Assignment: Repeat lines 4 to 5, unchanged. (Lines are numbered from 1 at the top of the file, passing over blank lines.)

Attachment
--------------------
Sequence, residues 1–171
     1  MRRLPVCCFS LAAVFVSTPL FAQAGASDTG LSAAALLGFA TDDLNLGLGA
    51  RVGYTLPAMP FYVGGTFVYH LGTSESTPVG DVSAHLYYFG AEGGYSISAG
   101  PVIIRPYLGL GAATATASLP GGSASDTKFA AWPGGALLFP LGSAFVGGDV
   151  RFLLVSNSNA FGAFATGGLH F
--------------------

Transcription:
   101  PVIIRPYLGL GAATATASLP GGSASDTKFA AWPGGALLFP LGSAFVGGDV
   151  RFLLVSNSNA FGAFATGGLH F